Kenneth L. Burton v. Hillsborough County, Florida, No. 05-10247 (11th Cir. 2006)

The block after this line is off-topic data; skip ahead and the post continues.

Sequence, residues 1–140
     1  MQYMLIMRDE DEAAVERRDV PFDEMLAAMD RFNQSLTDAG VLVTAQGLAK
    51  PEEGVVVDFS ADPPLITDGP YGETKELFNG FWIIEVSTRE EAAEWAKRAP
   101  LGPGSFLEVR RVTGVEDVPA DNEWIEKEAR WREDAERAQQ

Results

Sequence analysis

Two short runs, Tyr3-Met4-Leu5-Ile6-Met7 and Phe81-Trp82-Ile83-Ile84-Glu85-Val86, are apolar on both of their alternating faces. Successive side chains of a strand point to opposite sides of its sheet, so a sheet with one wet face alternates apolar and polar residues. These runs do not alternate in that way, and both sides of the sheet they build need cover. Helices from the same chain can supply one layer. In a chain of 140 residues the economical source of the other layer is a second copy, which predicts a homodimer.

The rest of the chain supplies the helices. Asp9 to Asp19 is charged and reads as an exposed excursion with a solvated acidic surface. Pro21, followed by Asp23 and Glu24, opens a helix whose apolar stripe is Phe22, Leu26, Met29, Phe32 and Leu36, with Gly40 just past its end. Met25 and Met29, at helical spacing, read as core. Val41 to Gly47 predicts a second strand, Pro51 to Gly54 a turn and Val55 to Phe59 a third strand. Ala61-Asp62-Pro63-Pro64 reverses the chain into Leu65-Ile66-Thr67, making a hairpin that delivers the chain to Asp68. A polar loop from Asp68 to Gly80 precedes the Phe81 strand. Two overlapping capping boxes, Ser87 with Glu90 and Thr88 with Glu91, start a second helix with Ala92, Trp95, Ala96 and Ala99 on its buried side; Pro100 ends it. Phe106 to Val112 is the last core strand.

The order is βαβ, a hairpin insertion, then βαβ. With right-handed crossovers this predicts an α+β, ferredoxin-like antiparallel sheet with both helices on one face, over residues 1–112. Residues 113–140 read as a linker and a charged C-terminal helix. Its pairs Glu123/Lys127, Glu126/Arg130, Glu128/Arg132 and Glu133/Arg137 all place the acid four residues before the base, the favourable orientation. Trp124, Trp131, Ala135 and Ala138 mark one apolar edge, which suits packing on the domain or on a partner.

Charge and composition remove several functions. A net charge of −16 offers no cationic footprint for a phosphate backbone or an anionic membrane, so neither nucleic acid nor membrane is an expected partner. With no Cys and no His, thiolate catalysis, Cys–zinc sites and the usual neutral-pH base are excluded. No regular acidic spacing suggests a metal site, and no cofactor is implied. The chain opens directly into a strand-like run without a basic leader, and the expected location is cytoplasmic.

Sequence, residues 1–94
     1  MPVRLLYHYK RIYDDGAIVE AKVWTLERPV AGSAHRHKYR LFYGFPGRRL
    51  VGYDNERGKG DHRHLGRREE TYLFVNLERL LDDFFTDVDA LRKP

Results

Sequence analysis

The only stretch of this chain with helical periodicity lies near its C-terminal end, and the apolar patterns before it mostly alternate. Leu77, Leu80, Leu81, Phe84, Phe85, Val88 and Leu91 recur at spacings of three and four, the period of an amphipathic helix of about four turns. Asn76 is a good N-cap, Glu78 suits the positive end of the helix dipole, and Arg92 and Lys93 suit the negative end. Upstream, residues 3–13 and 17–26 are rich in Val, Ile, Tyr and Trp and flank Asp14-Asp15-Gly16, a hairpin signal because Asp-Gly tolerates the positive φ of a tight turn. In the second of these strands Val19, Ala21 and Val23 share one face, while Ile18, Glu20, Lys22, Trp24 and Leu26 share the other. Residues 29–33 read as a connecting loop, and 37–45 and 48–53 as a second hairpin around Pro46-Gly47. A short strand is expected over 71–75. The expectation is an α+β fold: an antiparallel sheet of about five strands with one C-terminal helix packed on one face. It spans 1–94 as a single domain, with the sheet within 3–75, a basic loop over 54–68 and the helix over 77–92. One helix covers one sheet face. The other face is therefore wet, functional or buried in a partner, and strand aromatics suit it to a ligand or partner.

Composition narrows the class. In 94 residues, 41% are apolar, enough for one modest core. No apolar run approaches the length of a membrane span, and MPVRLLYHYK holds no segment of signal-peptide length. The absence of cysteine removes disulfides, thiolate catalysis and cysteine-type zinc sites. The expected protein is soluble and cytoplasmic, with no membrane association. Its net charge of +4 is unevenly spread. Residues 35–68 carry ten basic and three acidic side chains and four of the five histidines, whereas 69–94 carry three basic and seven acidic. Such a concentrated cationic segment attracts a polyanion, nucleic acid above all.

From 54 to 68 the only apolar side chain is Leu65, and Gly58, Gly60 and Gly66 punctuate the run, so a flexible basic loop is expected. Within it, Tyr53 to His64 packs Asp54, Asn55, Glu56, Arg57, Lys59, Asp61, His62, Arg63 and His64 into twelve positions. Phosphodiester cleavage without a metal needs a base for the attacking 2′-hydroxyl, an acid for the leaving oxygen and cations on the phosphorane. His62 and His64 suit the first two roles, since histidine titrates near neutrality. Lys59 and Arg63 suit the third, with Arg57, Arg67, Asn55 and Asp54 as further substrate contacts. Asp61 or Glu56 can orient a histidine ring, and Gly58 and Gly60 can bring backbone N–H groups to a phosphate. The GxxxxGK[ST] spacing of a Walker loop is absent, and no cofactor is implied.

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[DO NOT PUBLISH] IN THE UNITED STATES COURT OF APPEALS FOR THE ELEVENTH CIRCUIT FILED ________________________ U.S. COURT OF APPEALS ELEVENTH CIRCUIT MAY 18, 2006 THOMAS K. KAHN CLERK No. 05-10247 ________________________ D. C. Docket No. 04-00112-CV-T-MSS KENNETH L. BURTON, JULIUS HENRY, JR., HOLLIS DAVIS, WAYNE E. POOLE, Plaintiffs-Appellees, versus HILLSBOROUGH COUNTY, FLORIDA, Defendant-Appellant. ________________________ Appeal from the United States District Court for the Middle District of Florida _________________________ (May 18, 2006) Before TJOFLAT and KRAVITCH, Circuit Judges, and JORDAN *, District Judge. * Honorable Adalberto Jordan, United States District Judge for the Southern District of Florida, sitting by designation. PER CURIAM: Hillsborough County, Florida, appeals the district court s grant of summary judgment in favor of county employees seeking overtime compensation under the Fair Labor Standards Act ( FLSA ), 29 U.S.C. § 201 et seq. The County argues, among other things, that the time an employee spends driving a county vehicle to and from a secure county-owned location and the employee s job site is not compensable under the FLSA. We disagree, and affirm. I. At all times relevant to this action the employees worked for Hillsborough County s Public Works Department under the title of Engineer I and/or Engineer II. Their duties consisted of driving to public works job sites throughout the County and inspecting the work of subcontractors at those sites. The employees drove county-owned vehicles each day to get from site to site. County policy, however, prohibited the employees from taking the vehicles home at the end of the workday. Instead, the policy required them to drive their personal vehicles to a secure county-operated or owned site (the parking site ), like a fire station, drop off their personal vehicles, pick up the county vehicles, and drive those county vehicles to their respective work sites. At the end of each work day, the employees then had to return the county vehicles to the parking site and retrieve their own 2 vehicles before returning home. The county vehicles assigned to each employee contained tools and equipment which the employees used to perform their jobs.1 The vehicles also served as satellite offices for the employees where they could perform work at the job sites. The employees were required to leave those tools and equipment locked in the county vehicles at the parking sites at the end of their workdays. The County assumed all maintenance and fuel costs for the vehicles. The employees, however, were not paid for the time spent driving from the parking site to the first work site at the beginning of the day or from the last work site back to the parking site at the end of the work day. In January of 2004, some of these employees brought an action under the FLSA, alleging that the County had incorrectly classified their positions as exempt from receiving overtime pay, and that they were entitled to overtime compensation for time spent commuting in county vehicles. By April of 2005, the parties reached a limited settlement agreement in which the County agreed that it had inaccurately classified the plaintiffs as exempt. The parties, however, did not agree on whether the employees were entitled to overtime compensation under the 1 Among the tools and equipment stored in the truck were hard hats, safety vests, measuring wheels, tape measures, cloth tape, levels, spray paint, six-foot wood rulers, office supplies, street finders, phone books, project plans and specifications, project files, daily report forms, and reference manuals. 3 FLSA for time spent driving in county vehicles to and from the County s parking sites and the job sites at the beginning and end of each workday. The parties subsequently filed cross-motions for summary judgment. The district court denied the County s motion for summary judgment, concluding that issues of fact existed as to whether under the Portal-to-Portal exception to the FLSA (1) the County parking sites were located within the employees normal commuting zones, and (2) the parties had an agreement that the employees would not be compensated for their travel time between the parking site and the job site at the beginning and end of each day. The County alternatively moved for judgment on the pleadings, arguing that the complaint did not sufficiently plead the claim as to overtime for driving to and from the parking sites. The district court summarily denied that motion and explained that the complaint, coupled with subsequent pleadings and hearings, gave the County sufficient notice as to the nature of the employees FLSA claims. In that same order, the district court granted the employees motion for summary judgment, concluding that the travel time was compensable as a matter of law because retrieving and returning the county vehicles containing tools and equipment necessary to perform their jobs constituted a principal activity under the Portal-to-Portal Act, and was therefore compensable travel time under the FLSA. 4 The district court explained that transport of the tools and equipment in the truck was an integral and indispensable part of the employees ability to perform the principal activities for which they were employed, that no issue of fact existed as to the importance of the tools to the employees jobs, and, therefore, that transportation of the tools did not constitute an incidental or de minimis part of their job. The court further observed that storage of the vehicles and equipment at secure county facilities principally benefitted the County, and provided further grounds for concluding that the employees travel time to and from the parking sites was compensable. On appeal the County presents two arguments. First, it contends that summary judgment in favor of the employees was erroneous, essentially because the vehicles were driven only within the employees normal commuting areas and an understanding existed between the County and the employees regarding the use of the vehicles. Second, the County argues that it is entitled to judgment on the pleadings because the employees did not sufficiently allege entitlement to overtime compensation for their travel time. II. The district court s summary judgment ruling is reviewed de novo. See Danskine v. Miami Dade Fire Dept., 253 F.3d 1288, 1292 (11th Cir. 2001). 5 Summary judgment is appropriate only if the pleadings, depositions, answers to interrogatories, and admissions on file, together with the affidavits, if any, show that there is no genuine issue as to any material fact and that the moving party is entitled to a judgment as a matter of law. Fed.R.Civ.P. 56(c). A factual dispute is genuine only if the evidence is such that a reasonable [factfinder] could return a verdict for the non-moving party. Danskine, 253 F.3d at 1292. Likewise, denial of a motion for judgment on the pleadings is reviewed de novo. See Cannon v. City of West Palm Beach, 250 F.3d 1299, 1301 (11th Cir.2001). Judgment on the pleadings is appropriate when there are no material facts in dispute and the moving party is entitled to judgment as a matter of law. All facts alleged in the complaint must be accepted as true and viewed in the light most favorable to the nonmoving party. Scott v. Taylor, 405 F.3d 1251, 1253 (11th Cir. 2005). III. The FLSA requires employers to pay employees at least a specified minimum hourly wage, 29 U.S.C. §206, and no less than one and one-half times the regular rate of pay for hours worked in excess of 40 hours per week, 29 U.S.C. §207. An employer is not required, however, to compensate an employee for all of the employee s time that is associated with work. Kavanaugh v. Grand Union 6 Co., 192 F.3d 269, 272 (2d Cir. 1999). The Portal-to-Portal Act, 29 U.S.C. §250 et seq., which amends the FLSA, identifies those employee activities which are not compensable under the FLSA. An employer is not subject to liability under the FLSA for failure to pay employees overtime compensation for (1) walking, riding, or traveling to and from the actual place of performance of the principal activity or activities which such employee is employed to perform, and (2) activities which are preliminary to or postliminary to said principal activity or activities, which occur either prior to the time on any particular workday at which such employee commences, or subsequent to the time on any particular workday at which he ceases, such principal activity or activities. For purposes of this subsection, the use of an employer s vehicle for travel by an employee and activities performed by an employee which are incidental to the use of such vehicle for commuting shall not be considered part of the employee s principal activities if the use of such vehicle for travel is within the normal commuting area for the employer s business or establishment and the use of the employer s vehicle is subject to an agreement on the part of the employer and the employee or representative of such employee. 29 U.S.C. § 254(a).2 Preliminary and postliminary activities, however, are compensable if they are an integral and indispensable part of the [employee s] principal activities. Steiner v. Mitchell, 350 U.S. 247, 256 (1956); Dunlop v. City Electric, Inc., 527 2 The Employee Commuting Flexibility Act of 1996 ( ECFA ) amended the Portal-to-Portal Act by adding the final sentence to § 254 (a), which discusses the use of an employer s vehicle for travel by an employee . . . . 7 F.2d 394, 399 (5th Cir. 1976).3 By contrast, an employer is not required to pay employees for otherwise compensable activities if the time spent performing those activities is de minimis. See Anderson v. Mt. Clemens Pottery Co., 328 U.S. 680, 692 (1946), superseded by statute on other grounds as stated in Carter v. Panama Canal Co., 463 F.2d 1289, 1293 (D.C. Cir. 1972); Dunlop v. City Electric, Inc., 527 F.2d 394 (5th Cir. 1976). The issue here is whether the employees are entitled to overtime compensation under the FLSA for time spent driving a county-owned vehicle from the county-owned parking site to the first work-site of the day, and from the last work-site of the day back to the county-owned parking site. This appeal essentially boils down to the definition of the term travel in § 254(a) and, specifically, whether travel time of the type here required by an employer falls within the Portal-to-Portal exception. Statutory interpretation begins with the language of the statute itself. See Consumer Prod. Safety Comm n v. GTE Sylvania, 447 U.S. 102, 108 (1980). And, as a basic rule of statutory interpretation, we ascribe the plain meaning to the words of a statute. See Consol. Bank, N.A., Hialeah, Fla. v. United States Dept. of 3 The Eleventh Circuit has adopted as precedent the decisions of the former Fifth Circuit rendered prior to October 1, 1981. See Bonner v. City of Prichard, 661 F.2d 1206, 1209 (11th Cir. 1981) (en banc). 8 Treasury, 118 F.3d 1461, 1463 (11th Cir. 1997); Gonzalez v. McNary, 980 F.2d 1418, 1420 (11th Cir.1993). We are required to look beyond the plain language of the statute only when the language of the statute is unclear or ambiguous, when Congress clearly has expressed an intent contrary to that suggested by the plain language, or when absurd results would ensue from adopting the plain language interpretation. Consol. Bank, 118 F.3d at 1463-64 (citing Alacare Home Health Servs., Inc. v. Sullivan, 891 F.2d 850, 856 (11th Cir.1990); Hudgins v. City of Ashburn, 890 F.2d 396, 405 (11th Cir.1989); Blue Cross and Blue Shield of Ala. v. Weitz, 913 F.2d 1544, 1548 (11th Cir.1990)). First, we observe that § 254(a) does not eliminate employer liability for all work-related travel -- that is, not all work-related travel is non-compensable time. For instance, [n]ormal travel from home to work [whether at a fixed location or at different job sites] is not worktime because it is an incident of employment, and is therefore not compensable. 29 C.F.R. § 785.35.4 On the other hand, travel from an employer-designated location to the workplace is compensable under the FLSA as that travel constitutes a part of the employee s principal activity. 29 C.F.R. § 4 This court, as required by Chevron U.S.A., Inc. v. Natural Resources Defense Council, Inc., 467 U.S. 837, 844 (1984), accords significant weight to the statutory interpretation of the executive agency charged with implementing the statute being construed, particularly where, as here, that interpretation is incorporated in a formally published regulation. Martinez-Mendoza v. Champion Intern. Corp., 340 F.3d 1200, 1208 n. 25 (11th Cir. 2003). 9 785.38. One of the federal regulations, § 785.38, illustrates this distinction between compensable and non-compensable travel: Where an employee is required to report at a meeting place to receive instructions or to perform other work there, or to pick up and to carry tools, the travel from the designated place to the work place is part of the day s work, and must be counted as hours worked regardless of contract, custom, or practice. If an employee normally finishes his work on the premises at 5 p.m. and is sent to another job which he finishes at 8 p.m. and is required to return to his employer s premises arriving at 9 p.m., all of the time is working time. However, if the employee goes home instead of returning to his employer s premises, the travel after 8 p.m. is home-to-work travel and is not hours worked. See also IBP, Inc. v. Alvarez, 126 S. Ct. 514, 523 (2005) (relying on the same regulation). This regulation defines the term traveling in § 254 (a) (1) as incidental travel -- typically in the form of home-to-work and work-to-home travel -- and not employer-required travel. Consequently, where an employer s mandate or job requirement interrupts an employee s home-to-work and work-to-home path, the travel time necessary for the employee to fulfill that requirement falls outside of exempted activity in § 254 (a), and is therefore compensable under the FLSA. As explained below, this is true even when an employee is using an employer-owned vehicle. The mere use of an employer-owned vehicle does not eliminate this distinction between incidental or non-compensable travel and required or compensable travel. Thus, where the ECFA says that the use of an employer10 owned vehicle for travel by an employee . . . shall not be considered part of the employee s principal activities, we read travel to take on the same meaning as it possesses in § 254 (a) (1) -- that is incidental travel, usually in the form of hometo-work and work-to-home commuting. See 29 C.F.R. § 785.38 (where employee is required to return to employer s premises prior to returning home, that travel time is compensable).5 Thus, if an employee driving an employer-owned car is required to return to the employer s premises after a day s work prior to returning home, that time is compensable under the FLSA. Accordingly, under the ECFA otherwise non-compensable [traveling] is not compensable merely because the employee uses his employer s vehicle. United Transp. Union Local 1745 v. City of Albuquerque, 178 F.3d 1109, 1117 (10th Cir. 1999). Likewise, otherwise compensable travel time does not become non-compensable simply through the use of an employer-owned vehicle. Assuming that § 785.38 of the regulations is not clear enough, the legislative history underlying the ECFA is consistent with our reading of § 254 (a). The amendment to the Portal-to-Portal Act was intended to provide clarification regarding the use of an employer-provided vehicle for travel from an employee s 5 Identical words used in different parts of the same act are intended to have the same meaning. Alvarez, 126 S. Ct. at 523 (quoting Sullivan v. Stroop, 496 U.S. 478, 484 (1990)). Thus, the definition of the words travel or traveling as provided in the regulations applies throughout the statute. 11 home to the first work location at the start of the workday and from the last work location to the employee s home at the end of the workday. H.R. Rep. 104-585, at 4 (1996). It was further intended to limit[ ] non-compensable travel to travel between the employee s home and work sites within the normal commuting area of the employer s establishment or service area. Id. The ECFA, then, must be read as a modification to § 254 (a) (1) and (2) to account for the use of an employer s vehicle when employees are engaged in the kinds of activities exempted in subsections (1) and (2), rather than as an entirely new category of exempted activity (e.g., a blanket exclusion for all travel in an employer s vehicle within the normal commuting area where an agreement exists). Thus, if an employee uses an employer s car for (1) travel (meaning travel to and from home and the place of principal activity, see 29 C.F.R. §§ 785.35 and 785.38), or (2) incidental or preliminary and postliminary activities, that time is non-compensable.6 6 In Baker v. GTE North, Inc., 110 F.3d 28, 30-31 (7th Cir. 1997), GTE sponsored a program which allowed employees to bring their GTE-owned vehicles -- used during the day to travel to job sites -- home at the end of the workday. The plaintiff, who participated in the GTE program, elected to park the GTE vehicle a block away from his home and walk the rest of the way rather than park at home. He then brought suit against GTE demanding overtime compensation for the travel time from the job site to the parking site. The Seventh Circuit held that the ECFA extended beyond the normal work-to-home situation to a case in which an employee elected not to bring the vehicle home. The Baker court observed that an employee who leaves the company car in a parking lot a block away from his house and walks the rest of the way does not become entitled to compensation for driving time, while the employee who pulls into the driveway goes unpaid. Id. at 31. Baker is inapposite to this case primarily because, unlike the employees in Baker, the employees here are not permitted to drive the county vehicles home. They are instead required to park the vehicles overnight in a facility closest to the job site. 12 Here the parties do not dispute that the county policy prohibited employees from taking the county vehicles home at night. Employees were instead required to park their county vehicles at the 24-hour secured count facility location closest to the construction project to which the employee was assigned.7 This case does not involve home-to-work travel in a company vehicle, and therefore, falls outside the ambit of ECFA non-compensable travel time in an employer s vehicle. 7 The Hillsborough County Director of Public Works, Robert Gordon, stated in his affidavit that the employees were permitted to use their personal vehicles, rather than county-issued vehicles, to visit the work sites; that the employees could park their county vehicles at the parking site of their choice (e.g., a site closest to their homes); that the County encouraged employees to park the county vehicle at sites closest to their respective homes; and that the agreement the employees signed -which stated that they were required to park their county vehicles at sites closest to the work sites -was loosely enforced by allowing employees to park close to their homes. Based on Mr. Gordon s affidavit, the County argues that issues of fact exist as to whether the drive to and from the county parking sites was compensable -- namely whether the use of county vehicles was strictly voluntary, and whether employees were permitted to park the county vehicles at sites close to their homes -the suggestion being that if the employees parked close to their homes, they would be in a similar position to employees who could take their vehicles home and would fall into the Portal-to-Portal exception. The employees contended before the district court and here at oral argument that the affidavit constitutes inadmissible hearsay and that it cannot be considered at summary judgment. We do not, however, reach the hearsay issue because we find that Mr. Gordon s affidavit does not create issues of fact or alter the outcome on appeal. Aside from Mr. Gordon s affidavit that the County loosely enforced the requirement that the vehicles be parked at sites close to the work sites, the County has not adduced any records or documents to suggest that the employees were not required to park at a parking facility closest to the work site or that the employees did park at sites closest to their homes. Nor does the record, either in Mr. Gordon s affidavit or elsewhere, contain any evidence suggesting that the employees were permitted to park at their homes. To the contrary, the record contains copies of the county policy, signed by the employees, requiring them to park the county vehicles at approved locations closest to the work sites. In light of the signed policies, a reasonable fact finder could not conclude that the employees were permitted to park wherever they chose, let alone at a site that was most convenient to them. Because there is not a genuine issue of fact as to the County s requirement that the employees park close to the work site rather than close to home, summary judgment in favor of the County is not appropriate as a matter of law. See Danskine v. Miami Dade Fire Dept., 253 F.3d 1288, 1292-93 (11th Cir. 2001) (internal citations and quotation marks omitted). 13 Likewise, the issue is not whether the time for which the employees seek overtime pay constitutes traveling to and from the actual place of performance of the principal activity, § 254 (a) (1), because, as we will explain, the employees workday could not begin until they arrived at the parking site and retrieved the county vehicles -- making the act of retrieving the vehicle a principal activity and, therefore, the parking site itself a place of actual performance. Instead, the issue is whether the time spent traveling to and from the county parking sites and the work sites at the beginning and end of each day is compensable time. In Dunlop v. City Electric, Inc., 527 F.2d 394 (5th Cir. 1976), the former Fifth Circuit established that the terms principal activity or activities are to be liberally construed to encompass any work of consequence, and that the Portalto-Portal Act must be read in conjunction with the rest of the FLSA. Id. at 398. In so doing, Dunlop explained that the excepting language of [§ 254] was intended to exclude from FLSA coverage only those activities predominantly spent in the employees own interests. Id. (internal citations and quotation marks omitted). In other words, where the activities at issue are undertaken for the employees own convenience, not being required by the employer, and not being necessary for the performance of the [employees ] duties to the employer, they are fairly construed as non-compensable. Id. However, when an employer derives 14 significant benefit from the activity at issue, that activity is principal to the performance of the work for which the plaintiffs are employed, and is therefore compensable. Id. at 399. Put simply, where the activity is an integral and indispensable part of the principal activities for which [the employees] are employed, the Portal-to-Portal exemption does not apply. Id. (quoting Steiner v. Mitchell, 350 U.S. 247, 256 (1956)). Here, as explained earlier, the employees under county policy were required to drive their personal vehicles to a county parking site to retrieve a county vehicle before going to the first work site of the day. At the end of each workday the County required the employees to return the county vehicle to the parking site, not only because the employees obviously needed to get back their personal vehicles, but also because the County required its vehicles to be stored in secure locations overnight. The County understandably did not want its vehicles left at unattended work sites overnight as they would be vulnerable to theft or vandalism. The County also did not permit its employees to drive the county vehicles home because they sought to avoid the costs associated with potential abuse of the vehicles for personal or unofficial use. Ultimately, the employees who used the county vehicles had no choice but to begin and end their work day not at a work site, but at a county parking facility. And without the county vehicles the 15 employees could not perform the principal activities for which they were employed -- driving throughout Hillsborough County and inspecting public works construction sites. Needless to say, getting a county vehicle from the parking site and driving it to the first work site and returning it to the parking site was integral and indispensable to the plaintiffs principal activities. While the employees certainly benefitted from the use of county vehicles -including the money saved by not having to use their personal vehicles -- that alone does not make the time spent traveling to and from the parking sites noncompensable since that time significantly benefitted the county. See Sec y of Labor v. E. R. Field, Inc., 495 F.2d 749, 751 (1st Cir. 1974) ( The activity is employment under the Act if it is done at least in part for the benefit of the employer, even though it may also be beneficial to the employee. ). The purpose of storing the county vehicle at a designated county parking site was to minimize the risk to the County of leaving its vehicles in unattended locations and to prevent employees from taking the vehicles home and potentially using the vehicles for personal reasons. That, in and of itself, solely benefitted the County, and acted as an inconvenient detour for the employees who at the end of the workday could not drive directly home. Under the County s policy the employees workday could not begin or end without first going to the county parking site. This is no different 16 than an employee punching a time card to mark the beginning and end of the workday and thus the beginning and end of his or her obligation to the employer. As explained previously, the county vehicles contained various tools the employees needed to perform their inspections at each work site. County policy required the employees to secure the tools in a lockbox in the county vehicle, and prohibited the plaintiffs from removing those tools from the truck. The district court based much of its rationale on the fact that the county vehicles contained these tools and that the employees were required to transport those tools. We find, however, that the existence of the tools in the truck, alone, does not affect the compensability analysis. That is, even if the county vehicles did not contain the tools, the employees would still have to pick up and leave the county vehicles at the county parking sites to get to and from the work sites and would still be barred from driving the county vehicles home. With or without the tools the requirement of going to the county parking site at the beginning and end of the day, for the reasons explained, constitutes a part of those employees principal activities. The First Circuit concluded similarly in Field. In that case, the employer hired a master electrician to perform electrical work at various construction sites. The employee reported to the employer s shop to pick up a truck containing tools and supplies used occasionally at the job sites. The employee brought an FLSA 17 suit against the employer seeking overtime compensation for the time spent driving from the construction site back to the shop to drop off the employer s truck. The First Circuit held that the employee was entitled to overtime compensation for the time spent traveling from the job site to the shop to return the company vehicle. 495 F.2d at 751. It explained that it was irrelevant whether the employee could have used his own vehicle to reach the job site or whether the tools were in the truck or stocked at the job site. Id. The crucial question is . . . whether the (employee) was in fact performing services for the benefit of the employer with the knowledge and approval of the employer. Id. (internal citations and quotation marks excluded). The fact that employees were required to return the vehicle was enough to make the time compensable. We find Field persuasive. We also conclude that the time the employees spent traveling to and from the parking sites was not de minimis and is therefore not excluded from FLSA coverage on those grounds. The Supreme Court in Anderson explained the de minimis rule as follows: When the matter in issue concerns only a few seconds or minutes of work beyond the scheduled working hours, such trifles may be disregarded. Split-second absurdities are not justified by the actualities of working conditions or by the policy of the Fair Labor Standards Act. It is only when an employee is required to give up a substantial measure of his time and effort that compensable working time is involved. 18 Anderson, 328 U.S. at 692. When applying the de minimis rule to otherwise compensable time, the following considerations are appropriate: (1) the practical administrative difficulty of recording the additional time; (2) the aggregate amount of compensable time; and (3) the regularity of the additional work. Lindow v. United States, 738 F.2d 1057, 1063 (9th Cir. 1984). First, though the record in this case does not explain precisely how the County logs employee hours for purposes of calculating over time compensation, it would seem that at the very least it currently tracks when its engineers arrive at the first work site and when they leave from the last work site each evening. In order to compensate its engineers for the time spent driving to and from the county parking sites, it is at least plausible that the County could instead simply record the time at which each engineer picked up the vehicle at the beginning of the day and the time at which the engineer returned the county vehicle to the parking site at the end of the day. We see no practical difference between these two exercises, and therefore, no administrative difficulty in recording the additional time. Second, Kenneth Burton stated in his affidavit that he spent an average of 45 minutes to an hour and a half driving from the parking site where he picked up the county vehicle to the first job site, and a similar amount of time driving from the last job site to the parking site at the end of the day to return the county vehicle (or 19 a total of one and one half to three hours per day). There is no evidence in the record refuting Mr. Burton s assertions or suggesting that the drive to and from the county parking site took less time. Nor does the record suggest that Mr. Burton would not have taken as long to travel to the work site had he taken his own vehicle to and from the work site without making the intervening stop at the county s parking site. Accordingly, we have no reason to conclude that time spent traveling amounts to a mere trifle.8 Finally, the employees engaged in the drive to and from the parking site each day of the week. There is no question that the drive was a regular part of their workday. We therefore conclude that travel to and from the parking site was not de minimis. IV. Finally, the County s contention that the employees have not sufficiently pled the commute time claim is unavailing. The County moved ore tenus for judgment on the pleadings at a pretrial status conference on April 20, 2004. The district court denied the County s motion on the grounds that the employees 8 Based on a five-day workweek, on a weekly basis, time spent traveling to and from the parking site could range from seven and one half hours per week (1.5 x 5 = 7.5), at the low end of Mr. Burton s estimate, to fifteen hours per week (3 x 5 = 15), at the high end of Mr. Burton s estimate. This is not, of course dispositive, but it shows that the travel time is certainly much more than mere minutes worth of work. 20 general assertion about the drive-time had been made clear to the County by this point in the proceedings -- via the general allegation of insufficient overtime compensation under the FLSA in the complaint, and subsequent informal conversations between the parties -- and that the County, therefore, had sufficient notice of the drive-time claim. The County moved for judgment on the pleadings again when it moved for summary judgment. The district court again denied that motion for the same reasons on which it relied at the status conference. We agree with the district court. A complaint for overtime wages under the FLSA must comply with Rule 8 of the Federal Rules of Civil Procedure, which requires a short and plain statement of the claim showing that the pleader is entitled to relief. To state a cause of action under the FLSA, a plaintiff is not required to allege that the Act s exemptions are inapplicable. See Schmidtke v. Conesa, 141 F.2d 634, 635 (1st Cir. 1944). A statutory exemption is a matter for the defendant to allege as a special defense. Id. See also Clyde v. Broderick, 144 F.2d 348, 349-51 (10th Cir. 1994) (in action under FLSA to recover overtime wages, pleader is not required to do more than make a short and plain statement of facts upon which he relies to establish his claim that he and his fellow employees were engaged in commerce or in production of goods for commerce within the Act). 21 Here, the employees alleged that the County failed to compensate them for time worked in excess of 40 hours per week. The complaint, however, makes no reference specifically to the fact that some of the overtime was attributed to driving to and from the county parking sites. The County contends that a basic requirement to maintaining a cause of action under the ECFA should be a pleading in which employees assert how their commutes are excepted from the operation of the ECFA (e.g, that the commutes are outside the normal commute areas or that there is no agreement). The County s argument, however, is unavailing. First, [w]hile it may well be preferable to plead different theories of recovery in separate counts, it is not required. Hulsey v. Pride Restaurants, LLC, 367 F.3d 1238, 1247 (11th Cir. 2004). Second, the County erroneously suggests that the employees should have alleged a cause of action under the ECFA rather than the FLSA. The ECFA acts as an exclusion to FLSA coverage, and accordingly serves as a defense which employers can raise, rather than as a separate cause of action that a plaintiff must allege. See Schmidtke, 141 F.2d at 635. See also La Grasta v. First Union Sec., Inc., 358 F.3d 840, 845 (11th Cir. 2004) ( plaintiffs [are] not required to negate an affirmative defense in their complaint. ) (citation omitted). To state a cause of action under the overtime provisions of the FLSA a plaintiff need not anticipate a potential defense under the ECFA in his complaint by having 22 to allege that the overtime compensation it seeks to recover consists specifically of travel time not covered by the FLSA exempt travel time under the ECFA. Neither the FLSA nor the relevant case law contemplate, let alone require, such a heightened pleading standard for overtime wage claims. The County has provided no persuasive authority suggesting that we should impose such a heightened pleading requirement now. Furthermore, because the employees allege that the County failed to compensate them for time worked in excess of 40 hours per week, and we take those allegations as true, the County is not entitled to judgment as a matter of law under the FLSA. As previously explained, the ECFA does not treat all travel in an employer s vehicle as non-compensable, and here the time spent driving to and from the parking site was compensable. V. For the reasons set forth above, the district court s order granting summary judgment in favor of the employees and denying the County s motion for judgment on the pleadings is affirmed. AFFIRMED. 23